Offering waters so clear they have been awarded a Blue Flag, Zahara de… read more »
Facing roughly south into the bright waters of the Mediterranean Sea, Malaga's La Caleta beach is located in the upmarket area of the city that goes by the same name.
Among the sands, visitors will find areas with… read more »
Accessed via a stepped path running down through coastal cliffs, Playa La Rijana is made up of a small stretch of dark – almost grey – sand and pebbles roughly 250 by 50 metres in size. Otherwise entirely enclosed by the cliffs that surround it and hold the road, its attractive situation among rocky coastline offers a feeling of seclusion.
Located between the small towns… read more »
One of the closest beaches to Malaga, Malagueta Beach sits comfortably within the city limits, just five minutes by car, or a 20-minute walk from the centre of the city. Buses also regularly ply the route, although there's a good amount of parking nearby.
Running parallel to the promenade named after Malaga native Pablo Picasso, Malagueta lies east of the port, and boasts an area… read more »
Playa Burriana is a large sandy beach in Nerja that stretches for around 800 metres in length, and averages 40 metres in width. It has been awarded the European Union's Blue Flag for cleanliness and facilities on multiple occasions, as well as being a repeat recipient of Spain's equivalent Q for quality award.
Seeing thousands of local and foreign visitors each year, Playa Burriana has excellent… read more »
The last beach on the Costa Tropical before it turns into the Costa Almeria, Playa Calahonda lies south of Granada around a small village of the same name that manages to maintain an authentic regional air and lacks the large hotel developments of elsewhere on the Andalusian coast.
Protected by a headland on its eastern side, and with cliffs to its rear, the beach is a… read more »
Situated just west of La Herradura, Playa Cantarriján is comprised of two areas of sand divided by a large formation of rock that looks almost as if it has tumbled from the surround of stunning tree-covered cliffs.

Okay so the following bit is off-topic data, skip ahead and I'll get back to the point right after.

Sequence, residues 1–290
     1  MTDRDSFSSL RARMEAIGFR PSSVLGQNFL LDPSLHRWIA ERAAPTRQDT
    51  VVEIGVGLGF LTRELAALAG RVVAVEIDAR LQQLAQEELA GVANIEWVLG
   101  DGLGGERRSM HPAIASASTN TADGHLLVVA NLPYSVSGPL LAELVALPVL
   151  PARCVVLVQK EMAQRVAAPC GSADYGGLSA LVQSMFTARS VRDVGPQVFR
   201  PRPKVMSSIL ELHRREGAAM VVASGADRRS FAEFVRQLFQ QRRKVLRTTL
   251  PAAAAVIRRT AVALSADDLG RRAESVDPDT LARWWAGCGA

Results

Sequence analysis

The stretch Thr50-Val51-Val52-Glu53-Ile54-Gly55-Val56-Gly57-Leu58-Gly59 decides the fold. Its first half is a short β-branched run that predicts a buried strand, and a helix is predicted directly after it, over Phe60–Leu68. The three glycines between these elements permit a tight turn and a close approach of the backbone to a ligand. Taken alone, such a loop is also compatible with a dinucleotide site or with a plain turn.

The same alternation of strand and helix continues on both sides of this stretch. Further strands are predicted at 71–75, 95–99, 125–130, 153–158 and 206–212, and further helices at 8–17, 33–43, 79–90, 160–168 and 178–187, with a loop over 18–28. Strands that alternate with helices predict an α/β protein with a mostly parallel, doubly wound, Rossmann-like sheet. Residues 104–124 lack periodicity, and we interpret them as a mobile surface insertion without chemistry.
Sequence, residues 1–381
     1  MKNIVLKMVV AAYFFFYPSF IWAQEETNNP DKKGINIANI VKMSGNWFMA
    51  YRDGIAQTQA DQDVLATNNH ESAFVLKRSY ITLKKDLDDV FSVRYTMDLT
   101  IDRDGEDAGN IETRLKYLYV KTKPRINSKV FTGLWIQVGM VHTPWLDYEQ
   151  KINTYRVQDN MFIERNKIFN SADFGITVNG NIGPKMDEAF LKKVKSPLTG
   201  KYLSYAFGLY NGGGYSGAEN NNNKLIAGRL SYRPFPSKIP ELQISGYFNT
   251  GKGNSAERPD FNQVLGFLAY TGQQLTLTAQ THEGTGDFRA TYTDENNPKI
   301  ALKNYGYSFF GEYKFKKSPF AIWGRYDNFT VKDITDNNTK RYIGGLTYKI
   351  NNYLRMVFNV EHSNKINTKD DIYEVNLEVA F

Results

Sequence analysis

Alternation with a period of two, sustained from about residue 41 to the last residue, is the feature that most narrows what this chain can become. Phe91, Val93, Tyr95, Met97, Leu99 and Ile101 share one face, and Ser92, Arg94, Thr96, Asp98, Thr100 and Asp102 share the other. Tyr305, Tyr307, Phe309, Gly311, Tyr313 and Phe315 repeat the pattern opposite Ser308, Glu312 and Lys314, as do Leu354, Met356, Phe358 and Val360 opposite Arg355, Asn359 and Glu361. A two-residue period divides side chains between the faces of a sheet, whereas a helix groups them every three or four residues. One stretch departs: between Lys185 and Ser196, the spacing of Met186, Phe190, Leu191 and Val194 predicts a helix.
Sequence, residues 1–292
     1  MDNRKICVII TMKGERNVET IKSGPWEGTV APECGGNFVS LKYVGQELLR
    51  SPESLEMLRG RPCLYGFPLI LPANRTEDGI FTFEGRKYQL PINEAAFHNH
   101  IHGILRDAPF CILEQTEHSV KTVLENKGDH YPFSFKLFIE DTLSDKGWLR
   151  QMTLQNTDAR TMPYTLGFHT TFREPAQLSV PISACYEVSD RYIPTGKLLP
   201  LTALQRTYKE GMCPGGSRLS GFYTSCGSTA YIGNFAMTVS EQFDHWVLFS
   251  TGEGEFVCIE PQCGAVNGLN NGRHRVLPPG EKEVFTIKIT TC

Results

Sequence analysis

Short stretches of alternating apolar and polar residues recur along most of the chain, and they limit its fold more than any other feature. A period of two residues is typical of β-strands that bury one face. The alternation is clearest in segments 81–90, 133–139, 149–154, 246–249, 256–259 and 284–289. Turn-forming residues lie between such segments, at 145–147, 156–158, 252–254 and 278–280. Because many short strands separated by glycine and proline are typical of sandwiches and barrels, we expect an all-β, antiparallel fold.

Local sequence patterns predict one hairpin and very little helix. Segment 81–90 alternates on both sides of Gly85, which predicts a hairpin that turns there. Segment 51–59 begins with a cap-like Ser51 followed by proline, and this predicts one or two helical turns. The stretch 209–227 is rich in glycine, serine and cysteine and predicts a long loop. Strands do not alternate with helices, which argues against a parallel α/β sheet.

One of Andalusia's more virgin beaches, Playa Cantarriján lies within the boundaries of the Paraje Natural de los Acantilados de Maro Cerro Gordo nature reserve, limiting the amount of… read more »
Playa de Artola lies at the eastern end of Marbella, running west away from the elegant Cabopino Marina on an area of coast known as the Punta Ladrones (Thieves' Point). However, unlike most beaches in Marbella, Playa de Artola is not surrounded by large hotel complexes. Instead, it sits among rolling dunes that have been a protected Spanish national space since 2001.
Though quite narrow,… read more »
Laying claim to the record as one of the longest continuous beaches to be found anywhere in Spain, Playa de Castilla runs for an impressive 20 kilometres of near-untouched seafront. Backed by attractive cliffs and the sand dunes of Doñana National Park, it is only accessible by vehicle from a couple of specific points. These are via the facilities-rich Playa de Matalascañas,… read more »
Playa de Cuesta Maneli has fine, golden sand that runs for several kilometres. Situated within the confines of Doñana Natural Park, around 35 kilometres southeast of Huelva, the beach has very few facilities on offer, with a sole chiringuito (with toilets) open in the summer for refreshments.
The location of Playa de Cuesta Maneli within the protected area of Doñana means vistas to and from the… read more »